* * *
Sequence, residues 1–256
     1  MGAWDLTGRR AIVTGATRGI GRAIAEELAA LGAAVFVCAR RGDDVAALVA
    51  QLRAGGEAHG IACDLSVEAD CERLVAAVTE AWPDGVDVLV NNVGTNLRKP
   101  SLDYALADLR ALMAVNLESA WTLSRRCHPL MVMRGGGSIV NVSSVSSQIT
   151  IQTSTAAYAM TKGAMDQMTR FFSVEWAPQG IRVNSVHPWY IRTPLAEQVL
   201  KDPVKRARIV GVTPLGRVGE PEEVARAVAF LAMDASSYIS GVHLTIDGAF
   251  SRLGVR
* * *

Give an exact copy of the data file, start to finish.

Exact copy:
Sequence, residues 1–256
     1  MGAWDLTGRR AIVTGATRGI GRAIAEELAA LGAAVFVCAR RGDDVAALVA
    51  QLRAGGEAHG IACDLSVEAD CERLVAAVTE AWPDGVDVLV NNVGTNLRKP
   101  SLDYALADLR ALMAVNLESA WTLSRRCHPL MVMRGGGSIV NVSSVSSQIT
   151  IQTSTAAYAM TKGAMDQMTR FFSVEWAPQG IRVNSVHPWY IRTPLAEQVL
   201  KDPVKRARIV GVTPLGRVGE PEEVARAVAF LAMDASSYIS GVHLTIDGAF
   251  SRLGVR